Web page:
If you’re gonna have an eye patch, do it right. Lea Polyakov makes all kinds of leather accessories.
I try not to wear leather, especially snake skin, but I admit this ring is tempting. And I especially love this Tool bracelet. Think I know what my studio music will be today.
In May, I entered my first item on a challenge blog. It got me curious about the idea. Challenge blogs seem to have become a subculture all their own. Nearly all of them–at least the dark ones–are on Blogspot. The designs are generally fun, old-skool, almost Geocities-like. The only thing they lack are animated backgrounds. They are often sponsored by companies that make stamps or digital designs. Usually, there is a design team associated with the blog. The design team posts inspirational art, often made with materials from a sponsor. They may also choose winners. Sometimes there are even prizes!
One universal rule: no back-linking. This means no linking some old thing you made a couple years ago for the challenge. It isn’t fun if you aren’t creating something new.
In participating, you get to touch base with like-minded artists, often getting to see their process along with their work. Most of the entries are papercraft, very often with colored stamping, nonetheless; there is a lot of variety included.
There are a lot of them, and I think they’re a blast. Below is a list of dark challenge blogs I’ve found. They are a great way to kick your creativity in the pants when you’re having a slump. If you know of another dark challenge blog, please mention it in the comments.
DARK ART ONLY:
Haunted Design House is a no-cute zone. They insist your entry be “creepy, dark, or macabre.” They have monthly themed challenges, and attract a lot of non-paper, mixed-media work. Their rules don’t mention the process, but I’m assuming a design team chooses winners. HDH welcomes all media, including digital.
Forever Dark is another creepy-only blog. They are brand-spankin’ new, posting their first challenge this month. Winners are chosen by a design team. All media accepted.
Dream in Darkness is only a few months old. I am in love with their background image. They are usually anything goes, just keep it dark. Winners are chosen randomly.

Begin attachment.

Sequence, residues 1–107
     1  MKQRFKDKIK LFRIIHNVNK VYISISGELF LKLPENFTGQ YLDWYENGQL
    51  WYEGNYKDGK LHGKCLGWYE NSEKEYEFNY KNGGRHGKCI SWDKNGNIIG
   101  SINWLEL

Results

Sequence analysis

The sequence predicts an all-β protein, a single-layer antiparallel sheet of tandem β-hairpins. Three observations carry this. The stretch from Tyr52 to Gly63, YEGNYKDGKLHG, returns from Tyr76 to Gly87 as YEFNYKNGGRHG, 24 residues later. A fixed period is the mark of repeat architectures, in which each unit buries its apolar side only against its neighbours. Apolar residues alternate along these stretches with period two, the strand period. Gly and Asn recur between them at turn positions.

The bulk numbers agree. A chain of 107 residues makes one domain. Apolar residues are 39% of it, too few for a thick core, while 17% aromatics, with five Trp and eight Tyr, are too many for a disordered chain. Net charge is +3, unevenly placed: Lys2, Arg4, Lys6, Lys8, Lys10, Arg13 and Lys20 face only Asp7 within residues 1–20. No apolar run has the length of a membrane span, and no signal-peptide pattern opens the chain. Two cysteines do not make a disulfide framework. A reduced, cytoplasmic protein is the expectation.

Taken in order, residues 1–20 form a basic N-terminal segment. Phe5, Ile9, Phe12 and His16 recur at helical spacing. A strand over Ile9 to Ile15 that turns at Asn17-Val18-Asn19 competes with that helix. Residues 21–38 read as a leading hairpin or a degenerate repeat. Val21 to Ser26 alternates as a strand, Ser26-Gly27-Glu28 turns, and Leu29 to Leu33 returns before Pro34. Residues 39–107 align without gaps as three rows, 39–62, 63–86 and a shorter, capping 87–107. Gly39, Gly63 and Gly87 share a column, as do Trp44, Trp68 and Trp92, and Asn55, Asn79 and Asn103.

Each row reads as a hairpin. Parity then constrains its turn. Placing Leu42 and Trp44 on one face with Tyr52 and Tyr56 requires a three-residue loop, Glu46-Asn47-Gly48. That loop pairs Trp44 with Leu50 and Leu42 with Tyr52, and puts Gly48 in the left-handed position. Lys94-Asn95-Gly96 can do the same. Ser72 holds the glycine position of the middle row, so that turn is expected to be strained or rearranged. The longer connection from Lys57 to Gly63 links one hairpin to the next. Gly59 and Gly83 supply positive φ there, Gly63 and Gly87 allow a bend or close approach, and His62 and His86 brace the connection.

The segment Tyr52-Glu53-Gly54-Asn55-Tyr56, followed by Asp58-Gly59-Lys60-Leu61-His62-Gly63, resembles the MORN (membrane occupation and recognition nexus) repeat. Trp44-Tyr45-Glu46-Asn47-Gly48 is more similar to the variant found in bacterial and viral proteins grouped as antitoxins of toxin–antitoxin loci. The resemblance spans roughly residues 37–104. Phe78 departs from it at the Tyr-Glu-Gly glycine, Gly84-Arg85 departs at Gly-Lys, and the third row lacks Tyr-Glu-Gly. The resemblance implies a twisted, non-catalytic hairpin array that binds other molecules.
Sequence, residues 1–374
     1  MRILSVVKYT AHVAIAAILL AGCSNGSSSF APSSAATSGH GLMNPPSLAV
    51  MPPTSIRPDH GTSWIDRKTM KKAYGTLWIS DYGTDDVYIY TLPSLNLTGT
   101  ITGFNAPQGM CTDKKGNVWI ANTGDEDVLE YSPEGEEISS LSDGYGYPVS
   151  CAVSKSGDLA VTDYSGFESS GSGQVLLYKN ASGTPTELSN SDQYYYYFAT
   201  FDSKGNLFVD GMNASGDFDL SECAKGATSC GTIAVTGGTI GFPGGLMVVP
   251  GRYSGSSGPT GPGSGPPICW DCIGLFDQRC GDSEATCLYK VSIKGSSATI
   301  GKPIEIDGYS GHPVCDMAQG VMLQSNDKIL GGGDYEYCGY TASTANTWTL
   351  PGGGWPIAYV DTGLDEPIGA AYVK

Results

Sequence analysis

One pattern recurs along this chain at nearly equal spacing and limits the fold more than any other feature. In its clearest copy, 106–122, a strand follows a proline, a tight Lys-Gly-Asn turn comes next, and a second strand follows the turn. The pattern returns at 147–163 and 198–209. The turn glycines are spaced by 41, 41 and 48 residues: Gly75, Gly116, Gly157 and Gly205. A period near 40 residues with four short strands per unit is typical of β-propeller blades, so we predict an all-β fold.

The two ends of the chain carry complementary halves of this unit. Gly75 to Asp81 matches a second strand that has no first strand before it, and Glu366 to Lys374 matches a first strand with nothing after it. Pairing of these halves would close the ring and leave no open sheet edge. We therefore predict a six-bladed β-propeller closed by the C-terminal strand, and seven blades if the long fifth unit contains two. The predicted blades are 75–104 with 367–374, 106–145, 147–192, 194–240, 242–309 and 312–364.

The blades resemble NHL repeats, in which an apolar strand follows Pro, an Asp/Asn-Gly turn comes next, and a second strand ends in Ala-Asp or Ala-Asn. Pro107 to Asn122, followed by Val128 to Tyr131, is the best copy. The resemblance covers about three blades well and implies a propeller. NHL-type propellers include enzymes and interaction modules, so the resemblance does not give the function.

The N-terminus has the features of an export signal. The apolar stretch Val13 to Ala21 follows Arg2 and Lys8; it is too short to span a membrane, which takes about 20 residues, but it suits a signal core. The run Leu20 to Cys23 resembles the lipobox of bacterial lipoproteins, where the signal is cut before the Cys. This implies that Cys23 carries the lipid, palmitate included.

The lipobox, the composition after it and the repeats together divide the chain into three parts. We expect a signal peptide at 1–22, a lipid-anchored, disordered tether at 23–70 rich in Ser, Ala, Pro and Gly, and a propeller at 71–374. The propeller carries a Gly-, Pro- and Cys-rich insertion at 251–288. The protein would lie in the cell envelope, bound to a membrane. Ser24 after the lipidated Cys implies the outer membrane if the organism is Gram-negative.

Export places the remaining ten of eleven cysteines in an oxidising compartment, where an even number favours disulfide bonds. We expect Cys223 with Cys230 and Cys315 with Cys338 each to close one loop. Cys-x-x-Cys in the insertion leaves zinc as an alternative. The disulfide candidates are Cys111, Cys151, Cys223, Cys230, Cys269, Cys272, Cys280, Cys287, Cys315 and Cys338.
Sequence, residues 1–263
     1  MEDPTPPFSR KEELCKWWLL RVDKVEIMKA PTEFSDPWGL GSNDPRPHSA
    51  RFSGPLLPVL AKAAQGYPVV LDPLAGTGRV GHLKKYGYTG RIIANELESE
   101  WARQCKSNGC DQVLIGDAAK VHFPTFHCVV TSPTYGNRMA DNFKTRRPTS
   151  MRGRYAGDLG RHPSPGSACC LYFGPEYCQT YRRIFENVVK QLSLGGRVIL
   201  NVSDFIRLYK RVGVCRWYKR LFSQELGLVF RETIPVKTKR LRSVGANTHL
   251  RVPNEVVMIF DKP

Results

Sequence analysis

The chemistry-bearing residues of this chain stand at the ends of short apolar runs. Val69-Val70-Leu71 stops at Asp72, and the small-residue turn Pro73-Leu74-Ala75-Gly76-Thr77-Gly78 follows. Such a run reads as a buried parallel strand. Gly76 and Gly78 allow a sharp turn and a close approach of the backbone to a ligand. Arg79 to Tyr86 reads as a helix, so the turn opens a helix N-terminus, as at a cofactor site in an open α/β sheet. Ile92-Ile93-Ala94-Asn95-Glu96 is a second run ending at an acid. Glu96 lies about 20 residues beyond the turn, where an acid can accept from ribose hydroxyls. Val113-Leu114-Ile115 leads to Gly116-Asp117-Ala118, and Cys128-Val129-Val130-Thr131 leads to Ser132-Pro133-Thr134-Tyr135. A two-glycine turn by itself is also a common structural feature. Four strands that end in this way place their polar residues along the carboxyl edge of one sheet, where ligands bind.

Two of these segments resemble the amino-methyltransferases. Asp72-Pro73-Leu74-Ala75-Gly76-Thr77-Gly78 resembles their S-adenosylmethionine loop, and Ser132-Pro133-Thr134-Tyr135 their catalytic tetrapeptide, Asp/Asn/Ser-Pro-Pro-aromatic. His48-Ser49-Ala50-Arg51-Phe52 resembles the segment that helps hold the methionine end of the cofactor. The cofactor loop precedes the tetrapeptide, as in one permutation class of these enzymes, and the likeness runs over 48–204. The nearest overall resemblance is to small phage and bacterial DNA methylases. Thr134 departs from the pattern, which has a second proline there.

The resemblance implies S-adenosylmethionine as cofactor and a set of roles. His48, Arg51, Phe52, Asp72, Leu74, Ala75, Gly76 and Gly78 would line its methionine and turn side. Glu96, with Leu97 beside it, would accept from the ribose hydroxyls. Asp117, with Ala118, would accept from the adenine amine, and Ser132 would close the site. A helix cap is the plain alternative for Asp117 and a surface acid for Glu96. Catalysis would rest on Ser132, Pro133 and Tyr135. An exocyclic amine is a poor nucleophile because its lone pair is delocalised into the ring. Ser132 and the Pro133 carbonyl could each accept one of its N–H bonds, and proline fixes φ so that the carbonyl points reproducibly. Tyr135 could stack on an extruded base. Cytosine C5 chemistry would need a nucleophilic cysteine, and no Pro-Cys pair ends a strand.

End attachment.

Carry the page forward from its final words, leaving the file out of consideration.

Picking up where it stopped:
Smudgy Antics is associated with Smeared Ink stamps, which, alas, is no more. But the challenges continue. You can enter on the blog, and/or join their facebook group. Entries must include a rubber or digital stamp image. Winners are chosen randomly.
Quoth the Raven gets even more specific–they are a Poe-themed challenge blog. “Bring ye not thy fluffy, smushy if it be not POE !!!” I can’t tell how they choose their winners, but they accept all media.
DARK AND MAINSTREAM:
Create and Inspire doesn’t look particularly dark, despite their url of a-step-in-the-darkness.blogspot.com. For each challenge, both mainstream and dark art is accepted, and there is a winner chosen by the design team for each.
Left of Center accepts both dark and mainstream, but if you submit a mainstream project, you must follow the theme. Dark projects can choose to follow or not. All media are accepted, and winners are chosen by a design team.
It’s tempting to pitch a creepy hat in the ring for all the challenges. In many cases, you can enter an item in several challenges, so that helps. I like them because there’s no deadline pressure. If I don’t make the challenge, well, I didn’t commit to it anyway. I had a lot of fun making that first cuff, and hope to do more.
Howard Serlick casts body parts from live models, and makes some interesting and queerly beautiful jewelry in his Etsy shop, Not About Normal.
He does a few non-body things. There are keys and bolts and bubble wrap.
But mostly it’s body parts. Don’t worry ladies, there are dicks, too.
I think his pieces have an elegant, yet wonderfully primitive feel. He happily does custom orders, fetish work, and made-to-order sex toys. Items are cast mostly in urethane, with some silicon pieces. There is a ton more photos on his Facebook page.
Now that I’m sure it’s been received, I can post a little about what I did for the Secret Pumpkin exchange this year.
My Pumpkinee was Scott from Black Ops. He does a home haunt up in the Great White North (for those in Europe, I mean Canada, not, say, Greenland). Plan A was an enormous foam prop, of course, because my first thoughts always go to foam. But I still can’t find my preferred medium locally, and shipping something that was gonna be four feet tall or so would be, er, prohibitive. Instead, I decided to do my first-ever electronics project. I’d had this tutorial by Stiltbeast on my to-do list for a while.
If there’s one thing a haunt always needs, it’s lights. These little spotlights looked like just the thing.
All the local garden stakes were solid plastic, so I went for PVC instead, which was even cheaper and allowed me to stuff some extras in the kit. I put together a kit with 15 spotlights and everything to wire them up. Sent it all off and realized I didn’t take a pic. Luckily, Scott took a nice unboxing photo:
So yeah, now I can do electronics. A little.